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THE MOTHER OF ALL SKY SCRAPERS : EUGENE TSUI & THE ULTIMA TOWER



























MILES HIGH ULTIMA TOWER: Vertical Eco City Works Like a Tree





by Mahesh Basantani




03/19/11









We’ve seen a whole slew of gigantic, volcano shaped, city-in-a-building towers, each promising to be the largest building in the world. 





First it was the wacky X-Seed design for Tokyo, and then even Norman Foster got into the game with his proposal for the massive ‘Crystal Island’ development in Moscow. 












Well now, architect Eugene Tsui is taking the gigantic volcano tower concept to a whole new eco level, by taking design inspiration from the natural world. 




His new design for the Ultima Tower – a 2-mile high Mt Doom-esque structure – borrows design principles from trees and other living ystem to reduce its energy footprint. 









We are always intrigued by architecture that uses biomimicry – the borrowing of principles from nature’s designs – and Tsui’s concept for this towering, ultra-dense urban development has certainly captured our attention with its thought-provoking design.







Read more: MILE HIGH ULTIMA TOWER: Vertical Eco City Works Like a Tree | Inhabitat - Sustainable Design Innovation, Eco Architecture, Green Building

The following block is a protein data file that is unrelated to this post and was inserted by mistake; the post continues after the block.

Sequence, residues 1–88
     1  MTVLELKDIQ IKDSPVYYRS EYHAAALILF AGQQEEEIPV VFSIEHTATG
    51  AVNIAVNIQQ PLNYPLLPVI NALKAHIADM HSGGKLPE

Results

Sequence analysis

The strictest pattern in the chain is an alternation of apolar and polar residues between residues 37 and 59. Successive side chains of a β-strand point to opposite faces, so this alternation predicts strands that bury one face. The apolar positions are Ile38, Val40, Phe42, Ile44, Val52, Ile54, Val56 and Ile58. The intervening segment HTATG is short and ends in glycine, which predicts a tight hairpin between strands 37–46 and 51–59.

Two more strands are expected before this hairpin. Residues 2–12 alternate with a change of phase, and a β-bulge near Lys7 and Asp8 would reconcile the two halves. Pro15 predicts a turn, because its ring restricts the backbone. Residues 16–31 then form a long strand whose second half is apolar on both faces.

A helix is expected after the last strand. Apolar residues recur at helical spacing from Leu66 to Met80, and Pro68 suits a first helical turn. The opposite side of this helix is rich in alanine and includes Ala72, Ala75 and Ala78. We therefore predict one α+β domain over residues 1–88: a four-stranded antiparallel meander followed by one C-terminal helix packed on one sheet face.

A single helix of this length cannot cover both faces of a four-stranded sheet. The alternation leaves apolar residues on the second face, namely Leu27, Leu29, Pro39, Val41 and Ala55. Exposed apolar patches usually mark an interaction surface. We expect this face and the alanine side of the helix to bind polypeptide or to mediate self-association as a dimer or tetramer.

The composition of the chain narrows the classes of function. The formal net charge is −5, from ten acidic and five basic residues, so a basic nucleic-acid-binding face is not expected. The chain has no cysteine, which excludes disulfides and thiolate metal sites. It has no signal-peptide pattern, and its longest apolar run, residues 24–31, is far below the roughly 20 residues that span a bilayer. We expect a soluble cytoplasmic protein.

His new design for the Ultima Tower – a 2-mile high Mt Doom-esque structure – borrows design principles from trees and other living ystem to reduce its energy footprint. 





Population growth rates and rural-urban migration are creating a trend of chaotic urbanization that brings environmental, economic and social challenges. 







Within the next 7 years, 22 megacities across the globe are expected to have populations that exceed 10 million people, according to the UN. 





The Ultima Tower is an innovative green design concept proposed to resourcefully use earth’s surface and allow sustainable distribution of resources within a dense urban setting.







Designed to withstand natural calamities, Ultima Tower is highly stable and aerodynamic. 




Rather than spreading horizontally the structure rises vertically from a base with a 7,000 foot diameter – inspired in part by the termite’s nest structures of Africa, the highest structure created by any living organism.








Surrounded on all sides by a lake, the building would use building integrated photo-voltaic solar cells to meet most of the electrical energy requirements. 







The tower would also use Atmospheric Energy Conversion to exploit the differences in atmospheric pressure at the bottom and top of the tower and convert this differential into electrical power. 






Wind turbine energy would also be used to power the tower.







Taking a cue from the principles of transpiration and cohesion (Joly-Dixon’s cohesion-tension theory) as used by the tree to move water from roots to aerial parts, the designers are working on a method of carrying water from the bottom of the tower to the top utilizing water potential difference between the two points.







Other significant features of the design include bodies of water placed at 12 separate levels, 144 elevators at the periphery of the building, use of vertical propulsion through compressed air, specially designed windows with aerodynamic wind cowls, reflecting mirrors to bring direct sunlight into the building, open garden balconies, electric cars run by propane and hydrogen gas, complete absence of internal combustion engines or toxic pollutants.